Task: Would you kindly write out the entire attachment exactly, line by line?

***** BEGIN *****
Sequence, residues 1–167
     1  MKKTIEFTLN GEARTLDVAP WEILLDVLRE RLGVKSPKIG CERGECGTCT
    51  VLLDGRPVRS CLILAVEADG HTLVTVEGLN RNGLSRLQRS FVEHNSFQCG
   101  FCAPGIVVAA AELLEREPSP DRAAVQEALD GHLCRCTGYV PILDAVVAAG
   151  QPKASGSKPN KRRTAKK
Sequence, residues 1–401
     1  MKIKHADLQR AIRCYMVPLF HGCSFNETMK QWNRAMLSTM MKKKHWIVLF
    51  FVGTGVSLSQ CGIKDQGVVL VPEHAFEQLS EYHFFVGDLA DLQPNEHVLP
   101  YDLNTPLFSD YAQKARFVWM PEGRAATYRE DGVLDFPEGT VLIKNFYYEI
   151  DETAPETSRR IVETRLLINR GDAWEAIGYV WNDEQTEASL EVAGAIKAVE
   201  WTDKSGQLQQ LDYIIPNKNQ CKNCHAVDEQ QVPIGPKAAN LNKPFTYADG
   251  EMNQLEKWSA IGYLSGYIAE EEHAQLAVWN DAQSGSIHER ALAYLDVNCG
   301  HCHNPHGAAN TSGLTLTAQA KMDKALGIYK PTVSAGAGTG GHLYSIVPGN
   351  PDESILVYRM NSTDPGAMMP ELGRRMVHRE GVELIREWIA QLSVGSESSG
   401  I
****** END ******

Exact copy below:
Sequence, residues 1–167
     1  MKKTIEFTLN GEARTLDVAP WEILLDVLRE RLGVKSPKIG CERGECGTCT
    51  VLLDGRPVRS CLILAVEADG HTLVTVEGLN RNGLSRLQRS FVEHNSFQCG
   101  FCAPGIVVAA AELLEREPSP DRAAVQEALD GHLCRCTGYV PILDAVVAAG
   151  QPKASGSKPN KRRTAKK
Sequence, residues 1–401
     1  MKIKHADLQR AIRCYMVPLF HGCSFNETMK QWNRAMLSTM MKKKHWIVLF
    51  FVGTGVSLSQ CGIKDQGVVL VPEHAFEQLS EYHFFVGDLA DLQPNEHVLP
   101  YDLNTPLFSD YAQKARFVWM PEGRAATYRE DGVLDFPEGT VLIKNFYYEI
   151  DETAPETSRR IVETRLLINR GDAWEAIGYV WNDEQTEASL EVAGAIKAVE
   201  WTDKSGQLQQ LDYIIPNKNQ CKNCHAVDEQ QVPIGPKAAN LNKPFTYADG
   251  EMNQLEKWSA IGYLSGYIAE EEHAQLAVWN DAQSGSIHER ALAYLDVNCG
   301  HCHNPHGAAN TSGLTLTAQA KMDKALGIYK PTVSAGAGTG GHLYSIVPGN
   351  PDESILVYRM NSTDPGAMMP ELGRRMVHRE GVELIREWIA QLSVGSESSG
   401  I